# What are Seismic Waves?.

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What are Seismic Waves?

What do you know about Waves?
Where are they? What do waves do? How many different wave types are there? Are waves important to all of us? Why or why not? Name different types of waves.

Types of Waves Compression wave Transverse Wave Seismic Wave
Body Waves Primary or p-wave Secondary or s-wave Transverse wave Surface Love wave Rayleigh wave

Seismic Wave Seismic waves are the waves of energy caused by the sudden breaking of rock within the earth or an explosion. They are the energy that travels through the earth and is recorded on seismographs. There are several different kinds of seismic waves, and they all move in different ways. The two main types of waves are body waves and surface waves.

Body Waves P Waves (compression wave)
The first kind of body wave is the P wave or primary wave. This is the fastest kind of seismic wave. The P wave can move through solid rock and fluids, like water or the liquid layers of the earth. It pushes and pulls the rock it moves through just like sound waves push and pull the air.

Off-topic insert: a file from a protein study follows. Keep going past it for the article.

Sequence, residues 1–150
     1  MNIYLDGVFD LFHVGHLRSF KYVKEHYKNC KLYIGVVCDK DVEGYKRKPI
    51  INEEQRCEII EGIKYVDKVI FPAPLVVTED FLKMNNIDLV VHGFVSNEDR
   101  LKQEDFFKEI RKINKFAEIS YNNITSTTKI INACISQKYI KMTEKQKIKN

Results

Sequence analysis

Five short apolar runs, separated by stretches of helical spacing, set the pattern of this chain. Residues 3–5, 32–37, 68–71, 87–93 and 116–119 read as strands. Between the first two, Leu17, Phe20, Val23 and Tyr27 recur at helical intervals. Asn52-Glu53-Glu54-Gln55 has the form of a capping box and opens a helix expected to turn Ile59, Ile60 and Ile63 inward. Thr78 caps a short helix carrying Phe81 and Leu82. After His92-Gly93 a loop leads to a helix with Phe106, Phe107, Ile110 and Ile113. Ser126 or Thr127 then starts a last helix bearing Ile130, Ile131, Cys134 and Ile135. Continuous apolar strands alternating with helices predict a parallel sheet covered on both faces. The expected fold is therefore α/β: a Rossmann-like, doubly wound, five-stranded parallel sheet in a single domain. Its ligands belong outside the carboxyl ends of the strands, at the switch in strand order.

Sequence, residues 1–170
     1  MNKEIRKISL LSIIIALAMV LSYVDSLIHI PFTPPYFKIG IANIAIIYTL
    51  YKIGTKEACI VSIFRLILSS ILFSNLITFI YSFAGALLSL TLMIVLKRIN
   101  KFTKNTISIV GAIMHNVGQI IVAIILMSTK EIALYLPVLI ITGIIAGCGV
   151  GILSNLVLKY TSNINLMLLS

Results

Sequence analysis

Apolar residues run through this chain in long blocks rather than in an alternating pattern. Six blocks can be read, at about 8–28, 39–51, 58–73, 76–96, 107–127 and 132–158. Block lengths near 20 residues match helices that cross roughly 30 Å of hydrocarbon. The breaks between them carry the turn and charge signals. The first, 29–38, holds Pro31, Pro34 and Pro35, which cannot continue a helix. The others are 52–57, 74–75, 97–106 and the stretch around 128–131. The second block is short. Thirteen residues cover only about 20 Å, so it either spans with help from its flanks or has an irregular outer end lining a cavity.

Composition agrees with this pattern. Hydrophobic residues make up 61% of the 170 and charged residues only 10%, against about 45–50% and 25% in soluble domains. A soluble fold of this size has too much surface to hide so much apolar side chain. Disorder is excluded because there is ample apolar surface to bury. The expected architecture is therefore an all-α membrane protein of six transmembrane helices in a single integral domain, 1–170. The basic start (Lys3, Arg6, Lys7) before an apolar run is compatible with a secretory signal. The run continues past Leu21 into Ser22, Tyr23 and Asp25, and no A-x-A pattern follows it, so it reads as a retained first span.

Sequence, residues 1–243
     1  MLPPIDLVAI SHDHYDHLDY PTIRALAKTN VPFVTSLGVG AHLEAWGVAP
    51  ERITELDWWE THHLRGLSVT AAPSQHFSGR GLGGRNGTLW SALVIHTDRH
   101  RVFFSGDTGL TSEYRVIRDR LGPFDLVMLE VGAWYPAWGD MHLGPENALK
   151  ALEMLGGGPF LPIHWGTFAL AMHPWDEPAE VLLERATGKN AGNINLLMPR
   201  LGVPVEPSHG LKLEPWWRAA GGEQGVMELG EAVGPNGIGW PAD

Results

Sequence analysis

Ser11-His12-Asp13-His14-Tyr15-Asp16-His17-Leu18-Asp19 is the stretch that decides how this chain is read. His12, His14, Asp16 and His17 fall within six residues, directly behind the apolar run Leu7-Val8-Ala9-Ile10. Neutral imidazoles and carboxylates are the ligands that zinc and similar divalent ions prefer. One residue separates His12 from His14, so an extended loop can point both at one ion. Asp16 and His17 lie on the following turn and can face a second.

Stop and Think Have you ever heard a big clap of thunder and heard the windows rattle at the same time? The windows rattle because the sound waves were pushing and pulling on the window glass much like P waves push and pull on rock. Sometimes animals can hear the P waves of an earthquake. Usually we only feel the bump and rattle of these waves.

Body Waves S wave (transverse wave)
The second type of body wave is the S wave or secondary wave, which is the second wave you feel in an earthquake. An S wave is slower than a P wave and can only move through solid rock. This wave moves rock up and down, or side-to-side.

Surface Waves Love Waves
The first kind of surface wave is called a Love wave, named after A.E.H. Love, a British mathematician who worked out the mathematical model for this kind of wave in It's the fastest surface wave and moves the ground from side-to-side.

Surface Waves Rayleigh Waves
The other kind of surface wave is the Rayleigh wave, named for John William Strutt, Lord Rayleigh, who mathematically predicted the existence of this kind of wave in A Rayleigh wave rolls along the ground just like a wave rolls across a lake or an ocean. Because it rolls, it moves the ground up and down, and side-to-side in the same direction that the wave is moving. Most of the shaking felt from an earthquake is due to the Rayleigh wave, which can be much larger than the other waves.

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